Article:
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July 2015

Eyes on Ebola Virus Disease

Author Affiliations
  • 1Department of Ophthalmology, Duke University, Durham, North Carolina
JAMA Ophthalmol. 2015;133(7):743-744. doi:10.1001/jamaophthalmol.2015.0703

The current Ebola epidemic has been deemed the largest in history, with the World Health Organization declaring it a “public health emergency of international concern.”1 Ebola virus disease has a high fatality rate, and the Ebola virus belongs to the family Filoviridae, a family of viruses that causes hemorrhagic fever in humans and nonhuman primates.2 Bats are suspected to be the reservoir hosts.2

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1 Comment for this article
Eyes on Ebola: Permanent eye tissue donor deferral
David B. Glasser, M.D. | Johns Hopkins University Department of Ophthalmology
I read Dr. Shieh and co-authors recent viewpoint on Ebola virus and the eye with interest. They provide a concise and useful review.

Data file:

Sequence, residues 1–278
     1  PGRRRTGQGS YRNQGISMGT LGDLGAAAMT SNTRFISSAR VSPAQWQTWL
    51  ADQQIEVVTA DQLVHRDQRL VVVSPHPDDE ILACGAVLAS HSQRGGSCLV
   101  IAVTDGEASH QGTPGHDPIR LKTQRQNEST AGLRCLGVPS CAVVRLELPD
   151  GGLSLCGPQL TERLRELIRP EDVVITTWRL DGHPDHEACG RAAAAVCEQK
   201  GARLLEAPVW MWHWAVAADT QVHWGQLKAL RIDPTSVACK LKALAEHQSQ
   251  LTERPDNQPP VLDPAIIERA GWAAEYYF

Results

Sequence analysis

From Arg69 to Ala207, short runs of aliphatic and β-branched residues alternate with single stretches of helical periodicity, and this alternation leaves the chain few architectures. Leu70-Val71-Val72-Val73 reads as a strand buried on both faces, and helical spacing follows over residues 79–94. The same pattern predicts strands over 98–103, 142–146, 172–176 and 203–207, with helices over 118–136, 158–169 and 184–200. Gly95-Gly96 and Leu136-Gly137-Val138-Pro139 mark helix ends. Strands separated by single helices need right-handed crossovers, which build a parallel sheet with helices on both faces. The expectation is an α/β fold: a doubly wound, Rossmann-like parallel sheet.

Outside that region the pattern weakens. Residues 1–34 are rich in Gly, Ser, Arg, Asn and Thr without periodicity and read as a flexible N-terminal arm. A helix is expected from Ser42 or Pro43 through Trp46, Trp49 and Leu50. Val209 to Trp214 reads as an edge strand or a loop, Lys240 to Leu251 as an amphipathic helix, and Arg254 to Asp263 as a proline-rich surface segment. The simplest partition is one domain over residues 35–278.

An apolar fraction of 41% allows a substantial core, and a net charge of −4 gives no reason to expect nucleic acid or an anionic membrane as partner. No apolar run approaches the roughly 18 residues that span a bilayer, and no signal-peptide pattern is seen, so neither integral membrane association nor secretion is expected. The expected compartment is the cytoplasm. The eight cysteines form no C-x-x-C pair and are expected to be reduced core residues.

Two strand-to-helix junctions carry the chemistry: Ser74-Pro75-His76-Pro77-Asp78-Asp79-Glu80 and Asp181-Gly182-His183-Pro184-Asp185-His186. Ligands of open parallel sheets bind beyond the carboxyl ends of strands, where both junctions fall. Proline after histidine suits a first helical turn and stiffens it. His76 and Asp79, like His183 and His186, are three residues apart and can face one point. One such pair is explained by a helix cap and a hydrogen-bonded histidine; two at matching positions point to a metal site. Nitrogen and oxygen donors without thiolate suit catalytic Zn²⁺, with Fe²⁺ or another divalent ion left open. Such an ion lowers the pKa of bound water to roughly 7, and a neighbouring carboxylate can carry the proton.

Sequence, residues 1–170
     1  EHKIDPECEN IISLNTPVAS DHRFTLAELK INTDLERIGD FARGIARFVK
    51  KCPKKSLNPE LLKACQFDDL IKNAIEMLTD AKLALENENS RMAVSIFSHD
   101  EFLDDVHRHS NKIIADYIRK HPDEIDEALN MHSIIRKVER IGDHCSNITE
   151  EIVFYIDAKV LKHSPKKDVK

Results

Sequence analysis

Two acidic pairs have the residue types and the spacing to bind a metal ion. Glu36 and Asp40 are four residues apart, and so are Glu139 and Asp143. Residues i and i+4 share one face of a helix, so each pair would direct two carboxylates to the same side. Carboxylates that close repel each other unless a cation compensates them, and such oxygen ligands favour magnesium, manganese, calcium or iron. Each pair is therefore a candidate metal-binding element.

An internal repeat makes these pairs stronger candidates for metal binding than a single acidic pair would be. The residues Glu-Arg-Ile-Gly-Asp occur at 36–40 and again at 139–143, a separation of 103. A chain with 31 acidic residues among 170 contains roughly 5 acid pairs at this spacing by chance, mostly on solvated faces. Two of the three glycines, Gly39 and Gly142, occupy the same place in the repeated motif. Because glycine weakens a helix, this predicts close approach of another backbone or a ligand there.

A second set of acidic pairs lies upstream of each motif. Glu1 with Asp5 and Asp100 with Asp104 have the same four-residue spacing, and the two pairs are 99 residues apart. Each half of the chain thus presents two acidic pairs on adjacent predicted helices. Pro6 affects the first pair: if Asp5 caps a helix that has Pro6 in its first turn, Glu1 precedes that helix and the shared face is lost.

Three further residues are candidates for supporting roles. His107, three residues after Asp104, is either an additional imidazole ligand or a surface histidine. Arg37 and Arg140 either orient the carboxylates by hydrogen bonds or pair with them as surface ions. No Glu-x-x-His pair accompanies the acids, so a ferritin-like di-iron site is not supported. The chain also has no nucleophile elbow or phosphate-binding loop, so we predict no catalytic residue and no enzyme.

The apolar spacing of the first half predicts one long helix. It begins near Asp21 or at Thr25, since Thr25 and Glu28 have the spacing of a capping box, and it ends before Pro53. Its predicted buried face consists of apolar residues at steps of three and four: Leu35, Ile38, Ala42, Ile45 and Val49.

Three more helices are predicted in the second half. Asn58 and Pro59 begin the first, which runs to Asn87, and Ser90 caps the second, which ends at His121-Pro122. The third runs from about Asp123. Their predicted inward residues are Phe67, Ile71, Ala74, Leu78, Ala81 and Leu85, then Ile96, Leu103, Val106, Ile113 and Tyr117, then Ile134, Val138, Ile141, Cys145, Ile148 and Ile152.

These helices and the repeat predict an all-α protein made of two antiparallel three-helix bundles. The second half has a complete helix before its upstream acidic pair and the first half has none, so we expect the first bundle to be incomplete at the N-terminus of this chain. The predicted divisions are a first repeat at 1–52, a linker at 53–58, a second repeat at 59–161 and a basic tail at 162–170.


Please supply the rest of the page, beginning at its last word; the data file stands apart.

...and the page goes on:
Since the time of preparation of Shieh's manuscript, Varkey and co-authors have published a report of Ebola virus persisting in the aqueous humor of an infected individual up to 14 weeks after the onset of the disease and up to 9 weeks after clearance of the viremia. (Varkey JB, Shantha JG, Crozier I, et al. Persistence of Ebola virus in ocular fluid during convalescence. N Engl J Med. 2015 Jun 18;372(25):2423-7). It is unclear how long
infectious virus might persist in ocular tissues after recovery from the disease.

In response to this report, the Eye Bank Association of America's (EBAA) Medical Advisory Board changed the EBAA Medical Standards to permanently exclude from donation all individuals with a history of Ebola virus disease.